At the end of last session, a bill sponsored by Rep. Joe Mullery (DFL-Mpls) cracking down on predatory lending was signed into law. It provides restrictions on “special mortgages,” prohibits various fees and provides borrowers with a private cause of action against mortgage lenders who violate certain laws.
The law was ahead of the country in many respects, according to a University of Minnesota report. Mullery believed that more needed to be done, and during the summer, he convened a group to look into laying out plans to aggressively deal with issues related to people facing foreclosure.
This group included DFL and Republican legislators, representatives from Legal Aid, Hennepin and Anoka counties, the City of St. Paul, HousingLink, Minnesota Bankers Association, Office of the Attorney General and the housing advocacy group Minnesota ACORN.
From this, five working groups emerged: the Renter Working Group; the Remedies Working Group; the Foreclosure Data Group; the Foreclosure Prevention Working Group; and the Vacancies Working Group.
Through this process, Mullery wanted to draft a series of bills that could be passed and survive a veto from the governor. At this point, it seems to be working out.
By April 1, at least 18 bills were drafted, and to date, seven bills dealing with mortgage foreclosure issues had passed the House with overwhelming support. At least two additional bills, including the Minnesota Subprime Foreclosure Deferment Act, are waiting to be heard on the House floor.
“People are hurting, neighborhoods are declining, our economy is wavering and the credit market is collapsing under the weight of this foreclosure crisis. These bills expand the options and resources available to homeowners to help Minnesotans avoid foreclosure,” Mullery said.
The main concerns
Of the issues raised, early intervention surfaced as the top concern. “The biggest way to help most people is to get them counseling,” Mullery said. If some type of support is not provided in that first 60 to 90 days, the situation often cannot be saved, he said.
HF3475/SF2912*, sponsored by Mullery and Sen. Linda Scheid (DFL-Brooklyn Park), would require lenders to notify foreclosure protection agencies when a borrower has been issued a default notice. The bill also provides the borrower with a “preforeclosure notice” alerting them to why they are getting a notice and what services are available. Passed 51-1 by the Senate March 5, the bill now awaits action by the full House.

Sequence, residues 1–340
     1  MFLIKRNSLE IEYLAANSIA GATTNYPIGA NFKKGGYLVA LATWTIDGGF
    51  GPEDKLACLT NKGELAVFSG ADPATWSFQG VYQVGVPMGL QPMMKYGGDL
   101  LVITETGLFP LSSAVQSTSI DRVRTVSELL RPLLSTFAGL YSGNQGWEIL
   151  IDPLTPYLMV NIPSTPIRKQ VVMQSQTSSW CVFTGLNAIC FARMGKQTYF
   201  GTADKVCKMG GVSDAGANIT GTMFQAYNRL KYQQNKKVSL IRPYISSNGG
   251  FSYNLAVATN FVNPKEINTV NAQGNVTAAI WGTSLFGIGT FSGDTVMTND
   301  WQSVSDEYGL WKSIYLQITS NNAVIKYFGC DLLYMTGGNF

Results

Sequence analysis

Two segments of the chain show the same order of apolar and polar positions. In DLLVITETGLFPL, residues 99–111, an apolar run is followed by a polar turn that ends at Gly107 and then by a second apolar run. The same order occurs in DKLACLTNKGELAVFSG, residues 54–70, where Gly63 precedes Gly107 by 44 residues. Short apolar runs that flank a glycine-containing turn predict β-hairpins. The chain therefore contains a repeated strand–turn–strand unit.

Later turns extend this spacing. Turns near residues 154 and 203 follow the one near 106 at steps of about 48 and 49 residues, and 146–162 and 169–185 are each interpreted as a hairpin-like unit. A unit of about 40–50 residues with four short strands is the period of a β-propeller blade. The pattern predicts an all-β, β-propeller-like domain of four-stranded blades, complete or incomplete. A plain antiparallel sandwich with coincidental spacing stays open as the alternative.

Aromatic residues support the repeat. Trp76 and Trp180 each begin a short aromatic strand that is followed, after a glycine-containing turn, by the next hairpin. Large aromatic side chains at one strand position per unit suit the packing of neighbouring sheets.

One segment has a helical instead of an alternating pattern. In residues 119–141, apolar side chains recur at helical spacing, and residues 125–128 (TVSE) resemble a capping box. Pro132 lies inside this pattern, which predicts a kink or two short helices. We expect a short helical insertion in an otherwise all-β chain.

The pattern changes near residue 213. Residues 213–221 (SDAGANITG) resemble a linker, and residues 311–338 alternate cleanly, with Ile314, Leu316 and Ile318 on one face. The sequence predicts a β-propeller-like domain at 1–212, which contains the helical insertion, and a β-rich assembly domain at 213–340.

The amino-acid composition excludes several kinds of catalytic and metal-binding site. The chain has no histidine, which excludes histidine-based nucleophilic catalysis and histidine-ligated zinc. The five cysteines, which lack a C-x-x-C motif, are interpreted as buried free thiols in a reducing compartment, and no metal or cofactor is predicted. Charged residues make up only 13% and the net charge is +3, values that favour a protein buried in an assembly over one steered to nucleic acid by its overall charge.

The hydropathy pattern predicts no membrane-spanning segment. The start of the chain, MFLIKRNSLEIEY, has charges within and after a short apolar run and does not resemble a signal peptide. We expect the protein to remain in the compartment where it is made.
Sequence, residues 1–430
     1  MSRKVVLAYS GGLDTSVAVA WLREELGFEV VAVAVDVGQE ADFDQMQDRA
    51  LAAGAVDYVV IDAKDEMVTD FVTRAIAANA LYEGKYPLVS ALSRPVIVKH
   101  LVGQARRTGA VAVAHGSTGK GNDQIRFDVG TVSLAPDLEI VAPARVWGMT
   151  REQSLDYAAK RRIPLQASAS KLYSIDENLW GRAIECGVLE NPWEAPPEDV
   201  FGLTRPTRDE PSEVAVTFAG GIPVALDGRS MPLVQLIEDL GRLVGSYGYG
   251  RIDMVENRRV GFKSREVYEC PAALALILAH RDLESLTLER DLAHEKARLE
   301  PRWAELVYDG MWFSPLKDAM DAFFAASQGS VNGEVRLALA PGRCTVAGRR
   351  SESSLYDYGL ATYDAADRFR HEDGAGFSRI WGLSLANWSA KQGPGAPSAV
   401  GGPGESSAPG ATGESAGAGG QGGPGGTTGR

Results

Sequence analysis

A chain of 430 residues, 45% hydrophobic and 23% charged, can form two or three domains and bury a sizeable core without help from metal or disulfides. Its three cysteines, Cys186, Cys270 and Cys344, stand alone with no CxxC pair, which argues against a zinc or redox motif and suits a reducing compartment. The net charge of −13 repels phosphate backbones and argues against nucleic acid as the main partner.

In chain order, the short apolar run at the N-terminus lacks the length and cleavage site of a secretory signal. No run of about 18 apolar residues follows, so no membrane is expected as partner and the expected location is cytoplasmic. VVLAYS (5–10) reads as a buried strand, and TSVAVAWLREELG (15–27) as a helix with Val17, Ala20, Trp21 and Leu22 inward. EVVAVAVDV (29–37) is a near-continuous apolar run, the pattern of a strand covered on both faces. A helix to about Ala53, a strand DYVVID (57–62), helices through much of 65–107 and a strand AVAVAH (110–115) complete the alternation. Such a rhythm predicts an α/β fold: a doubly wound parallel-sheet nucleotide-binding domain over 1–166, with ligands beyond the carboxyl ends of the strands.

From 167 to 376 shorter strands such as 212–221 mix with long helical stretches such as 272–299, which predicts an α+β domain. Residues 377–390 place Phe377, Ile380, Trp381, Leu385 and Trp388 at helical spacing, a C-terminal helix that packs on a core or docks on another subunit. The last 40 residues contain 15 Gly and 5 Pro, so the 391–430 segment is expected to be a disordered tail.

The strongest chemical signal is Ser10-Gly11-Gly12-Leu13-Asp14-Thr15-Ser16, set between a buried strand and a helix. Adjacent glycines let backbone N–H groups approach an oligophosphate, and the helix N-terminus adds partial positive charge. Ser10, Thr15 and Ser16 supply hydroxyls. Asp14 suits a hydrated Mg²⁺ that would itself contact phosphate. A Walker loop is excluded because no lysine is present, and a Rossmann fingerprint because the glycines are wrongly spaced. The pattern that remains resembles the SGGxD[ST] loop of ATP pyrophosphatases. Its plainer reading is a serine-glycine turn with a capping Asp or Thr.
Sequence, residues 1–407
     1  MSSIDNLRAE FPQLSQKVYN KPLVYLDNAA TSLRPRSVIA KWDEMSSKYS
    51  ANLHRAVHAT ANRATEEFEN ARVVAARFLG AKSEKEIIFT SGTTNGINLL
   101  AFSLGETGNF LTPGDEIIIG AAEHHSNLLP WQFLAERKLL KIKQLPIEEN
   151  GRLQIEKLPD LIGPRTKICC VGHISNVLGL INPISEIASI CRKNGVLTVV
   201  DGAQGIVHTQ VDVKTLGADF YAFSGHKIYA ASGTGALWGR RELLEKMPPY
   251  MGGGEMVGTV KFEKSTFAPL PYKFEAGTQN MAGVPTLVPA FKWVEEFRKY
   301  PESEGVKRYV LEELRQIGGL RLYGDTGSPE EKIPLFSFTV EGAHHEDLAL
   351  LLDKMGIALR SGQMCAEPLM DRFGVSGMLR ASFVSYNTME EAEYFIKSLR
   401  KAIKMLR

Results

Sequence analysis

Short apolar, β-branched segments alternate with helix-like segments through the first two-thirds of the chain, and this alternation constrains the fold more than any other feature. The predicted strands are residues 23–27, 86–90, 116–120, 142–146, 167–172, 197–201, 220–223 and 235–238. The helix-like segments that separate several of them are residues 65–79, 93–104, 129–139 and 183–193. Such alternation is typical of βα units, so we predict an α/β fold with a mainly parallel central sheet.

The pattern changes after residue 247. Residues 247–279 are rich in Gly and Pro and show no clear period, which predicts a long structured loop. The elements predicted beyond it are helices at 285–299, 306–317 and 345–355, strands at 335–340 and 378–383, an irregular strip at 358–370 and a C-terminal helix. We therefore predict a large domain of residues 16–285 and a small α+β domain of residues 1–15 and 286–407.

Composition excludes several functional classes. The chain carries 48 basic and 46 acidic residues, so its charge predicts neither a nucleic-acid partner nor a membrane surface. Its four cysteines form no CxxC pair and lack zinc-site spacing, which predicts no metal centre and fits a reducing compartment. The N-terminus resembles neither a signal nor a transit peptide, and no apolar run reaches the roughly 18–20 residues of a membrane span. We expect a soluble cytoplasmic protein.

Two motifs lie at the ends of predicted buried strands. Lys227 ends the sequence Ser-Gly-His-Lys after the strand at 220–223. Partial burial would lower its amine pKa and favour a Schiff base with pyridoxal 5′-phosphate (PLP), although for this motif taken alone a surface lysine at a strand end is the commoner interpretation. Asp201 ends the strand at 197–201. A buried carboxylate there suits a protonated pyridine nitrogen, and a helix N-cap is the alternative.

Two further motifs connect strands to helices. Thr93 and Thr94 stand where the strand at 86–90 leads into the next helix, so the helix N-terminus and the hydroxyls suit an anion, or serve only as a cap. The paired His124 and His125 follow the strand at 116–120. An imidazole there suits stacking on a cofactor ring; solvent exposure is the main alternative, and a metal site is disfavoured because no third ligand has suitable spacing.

Renters are sometimes caught in the middle of the foreclosure process, specifically when the property they are renting goes into foreclosure and no one tells them. Out of the discussions of the Renters Working Group came two bills.
HF3517/SF2910*, sponsored by Rep. Jim Davnie (DFL-Mpls) and Sen. Linda Higgins (DFL-Mpls), expunges an eviction from a tenant’s record if the tenant vacates the premises before commencement of eviction, or was not given proper notice. It was passed 129-0 by the House April 1 and 49-0 by the Senate March 5.
Meanwhile, HF3428/SF2909*, sponsored by Rep. Bob Gunther (R-Fairmont) and Sen. Rick Olseen (DFL-Harris), would allow for a tenant to pay a utility bill to keep service on when a landlord fails to pay a bill. It was passed 129-0 by the House April 1 and 63-0 by the Senate March 6.
Both bills await the governor’s signature.
The real numbers
The Foreclosure Data Group discovered that it’s difficult to find accurate data on properties in foreclosures. The group recommended two courses of action.
First, additional data should be provided on sales notices, including the complete address of the property, the name of the lender, whether or not the property is privately owned or owned by an investor, and whether or not the property is registered with the Mortgage Electronic Registration Systems.
The group further recommended that a study take place to develop a statewide foreclosure data collection and reporting system.
These two recommendations make up HF3516*/SF2914, sponsored by Davnie and Sen. Ann Rest (DFL-New Hope). Passed 129-0 by the House April 1, it now awaits action by the full Senate.
Addressing civil rights
North Minneapolis has been devastated by the foreclosure crisis. Mullery, who represents this area, knows that in some instances, people were given subprime loans that should not have received them. But there were also others who were clearly taken advantage of.
According to Mullery, 60 percent of the blacks who were in the subprime loans were eligible for prime rate loans, which could have saved them thousands of dollars. This type of discrimination, Mullery said, is inexcusable.
HF3478/SF2915* would raise the cap for punitive damages under the Minnesota Human Rights Act for fair housing from $8,500 to $25,000. Sponsored by Rep. Neil W. Peterson (R-Bloomington) and Sen. Mee Moua (DFL-St. Paul), the bill would allow authorities to prosecute mortgage fraud by charging them with other offenses and higher prison terms. The bill passed the Senate 57-4 March 31 and awaits action by the full House.
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